Glycosaminoglycans and Glycoproteins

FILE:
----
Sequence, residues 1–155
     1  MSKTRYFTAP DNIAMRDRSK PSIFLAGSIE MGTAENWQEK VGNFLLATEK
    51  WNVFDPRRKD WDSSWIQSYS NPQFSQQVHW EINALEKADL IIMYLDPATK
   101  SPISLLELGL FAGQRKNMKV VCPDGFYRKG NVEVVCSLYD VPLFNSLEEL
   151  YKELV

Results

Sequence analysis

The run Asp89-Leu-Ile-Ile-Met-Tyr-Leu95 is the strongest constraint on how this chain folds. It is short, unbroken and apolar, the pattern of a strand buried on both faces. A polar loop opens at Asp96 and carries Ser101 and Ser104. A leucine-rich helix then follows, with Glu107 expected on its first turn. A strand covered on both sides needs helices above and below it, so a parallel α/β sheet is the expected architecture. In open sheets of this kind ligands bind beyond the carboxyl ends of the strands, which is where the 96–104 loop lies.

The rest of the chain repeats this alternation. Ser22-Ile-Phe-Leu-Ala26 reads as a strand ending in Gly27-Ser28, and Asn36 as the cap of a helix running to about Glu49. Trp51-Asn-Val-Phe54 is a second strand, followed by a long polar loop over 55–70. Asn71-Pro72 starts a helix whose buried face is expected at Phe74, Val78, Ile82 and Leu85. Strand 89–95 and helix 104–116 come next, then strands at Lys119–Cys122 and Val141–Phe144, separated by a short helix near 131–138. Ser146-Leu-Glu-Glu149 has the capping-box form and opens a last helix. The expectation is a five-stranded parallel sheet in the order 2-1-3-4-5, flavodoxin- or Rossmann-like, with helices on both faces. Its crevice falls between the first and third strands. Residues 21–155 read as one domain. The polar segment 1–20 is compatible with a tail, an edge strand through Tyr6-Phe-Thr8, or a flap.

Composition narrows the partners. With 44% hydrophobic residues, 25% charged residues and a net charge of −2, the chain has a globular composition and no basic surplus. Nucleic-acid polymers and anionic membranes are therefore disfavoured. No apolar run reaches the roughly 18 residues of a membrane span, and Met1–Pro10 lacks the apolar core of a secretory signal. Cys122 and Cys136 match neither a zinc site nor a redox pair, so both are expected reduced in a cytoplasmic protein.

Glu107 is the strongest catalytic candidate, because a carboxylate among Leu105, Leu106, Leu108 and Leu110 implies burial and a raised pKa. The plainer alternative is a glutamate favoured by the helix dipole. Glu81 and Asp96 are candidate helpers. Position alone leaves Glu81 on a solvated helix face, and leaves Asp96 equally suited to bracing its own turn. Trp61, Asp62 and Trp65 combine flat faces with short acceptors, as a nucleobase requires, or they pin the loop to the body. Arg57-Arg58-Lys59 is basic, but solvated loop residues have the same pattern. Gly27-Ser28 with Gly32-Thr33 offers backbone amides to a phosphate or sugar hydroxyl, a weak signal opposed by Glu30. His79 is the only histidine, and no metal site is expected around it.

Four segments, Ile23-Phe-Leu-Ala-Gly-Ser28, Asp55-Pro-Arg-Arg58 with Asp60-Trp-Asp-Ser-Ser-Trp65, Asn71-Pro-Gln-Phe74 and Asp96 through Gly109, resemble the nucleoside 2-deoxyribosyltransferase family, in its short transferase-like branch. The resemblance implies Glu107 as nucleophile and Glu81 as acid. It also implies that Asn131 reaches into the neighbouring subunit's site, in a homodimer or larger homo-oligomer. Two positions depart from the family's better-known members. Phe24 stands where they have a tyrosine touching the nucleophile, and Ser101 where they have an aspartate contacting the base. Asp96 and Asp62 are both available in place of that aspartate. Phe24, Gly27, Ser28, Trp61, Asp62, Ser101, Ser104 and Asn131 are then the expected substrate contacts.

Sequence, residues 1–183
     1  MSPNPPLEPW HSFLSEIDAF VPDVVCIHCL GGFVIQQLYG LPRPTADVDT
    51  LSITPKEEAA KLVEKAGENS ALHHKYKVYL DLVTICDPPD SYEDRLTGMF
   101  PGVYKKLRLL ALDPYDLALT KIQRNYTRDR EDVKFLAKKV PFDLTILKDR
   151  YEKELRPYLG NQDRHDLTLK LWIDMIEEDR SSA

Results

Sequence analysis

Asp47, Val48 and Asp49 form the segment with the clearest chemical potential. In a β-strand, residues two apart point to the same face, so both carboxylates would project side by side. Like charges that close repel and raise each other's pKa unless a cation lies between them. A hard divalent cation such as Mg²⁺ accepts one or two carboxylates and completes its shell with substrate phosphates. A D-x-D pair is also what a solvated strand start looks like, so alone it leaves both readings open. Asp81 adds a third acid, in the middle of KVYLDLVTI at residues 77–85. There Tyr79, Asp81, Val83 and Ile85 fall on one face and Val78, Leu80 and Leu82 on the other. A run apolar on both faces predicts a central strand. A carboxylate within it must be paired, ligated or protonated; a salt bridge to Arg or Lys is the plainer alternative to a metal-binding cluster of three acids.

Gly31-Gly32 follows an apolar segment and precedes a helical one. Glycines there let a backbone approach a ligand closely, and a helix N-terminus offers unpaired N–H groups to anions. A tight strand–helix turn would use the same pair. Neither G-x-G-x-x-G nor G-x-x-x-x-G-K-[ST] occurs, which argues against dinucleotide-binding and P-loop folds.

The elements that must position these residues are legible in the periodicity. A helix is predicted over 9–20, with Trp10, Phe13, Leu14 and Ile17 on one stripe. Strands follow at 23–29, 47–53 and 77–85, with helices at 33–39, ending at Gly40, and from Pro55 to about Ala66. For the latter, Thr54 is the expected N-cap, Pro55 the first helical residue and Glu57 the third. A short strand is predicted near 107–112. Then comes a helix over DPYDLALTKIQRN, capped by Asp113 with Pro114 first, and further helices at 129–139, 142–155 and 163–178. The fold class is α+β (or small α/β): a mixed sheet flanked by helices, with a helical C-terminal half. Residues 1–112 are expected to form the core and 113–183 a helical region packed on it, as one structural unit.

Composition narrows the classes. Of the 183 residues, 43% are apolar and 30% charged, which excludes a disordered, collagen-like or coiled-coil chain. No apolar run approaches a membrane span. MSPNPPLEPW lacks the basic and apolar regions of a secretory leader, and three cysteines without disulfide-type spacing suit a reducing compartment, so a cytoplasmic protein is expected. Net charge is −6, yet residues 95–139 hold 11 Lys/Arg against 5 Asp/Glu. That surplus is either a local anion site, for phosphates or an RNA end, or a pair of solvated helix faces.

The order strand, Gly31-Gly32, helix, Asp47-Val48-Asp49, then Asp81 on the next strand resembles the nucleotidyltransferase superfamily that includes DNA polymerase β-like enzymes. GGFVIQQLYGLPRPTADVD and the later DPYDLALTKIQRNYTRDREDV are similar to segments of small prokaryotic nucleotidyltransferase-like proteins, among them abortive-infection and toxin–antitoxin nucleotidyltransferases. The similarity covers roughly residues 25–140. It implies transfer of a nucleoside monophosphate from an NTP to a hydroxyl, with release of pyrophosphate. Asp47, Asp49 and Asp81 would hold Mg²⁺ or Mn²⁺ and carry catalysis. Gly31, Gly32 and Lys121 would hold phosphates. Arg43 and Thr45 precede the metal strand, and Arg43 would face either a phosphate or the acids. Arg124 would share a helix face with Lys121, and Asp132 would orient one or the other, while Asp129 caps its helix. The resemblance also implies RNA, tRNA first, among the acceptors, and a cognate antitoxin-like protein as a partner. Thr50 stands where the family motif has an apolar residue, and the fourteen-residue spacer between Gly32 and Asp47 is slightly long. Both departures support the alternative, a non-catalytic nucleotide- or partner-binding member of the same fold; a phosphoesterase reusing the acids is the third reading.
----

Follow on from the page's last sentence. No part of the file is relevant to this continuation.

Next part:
A. Hyaluronic acid _ As constituents of proteoglycans (see p. 346), the glycosaminoglycansa group of acidic heteropolysaccharidesare important structural elements of the extracellular matrix. Glycosaminoglycans contain amino sugars as well as glucuronic acid and iduronic acid as characteristic components (see p. 38). In addition, most polysaccharides in this group are esterified to varying extents by sulfuric acid, increasing their acidic quality. Glycosaminoglycans can be found in free form, or as components of proteoglycans throughout the organism. Hyaluronic acid, an unesterified glycosaminoglycan with a relatively simple structure, consists of disaccharide units in which Nacetylglucosamine and glucuronic acid are alternately 1_4-linked and 1_3-linked. Due to the unusual 1_3 linkage, hyaluronic acid moleculeswhich may contain several thousand monosaccharide residuesare coiled like a helix. Three disaccharide units form each turn of the helix. The outwardfacing hydrophilic carboxylate groups of the glucuronic acid residues are able to bind Ca2+ ions. The strong hydration of these groups enables hyaluronic acid and other glycosaminoglycans to bind water up to 10 000 times their own volume in gel form. This is the function which hyaluronic acid has in the vitreous body of the eye, which contains approximately 1% hyaluronic acid and 98% water.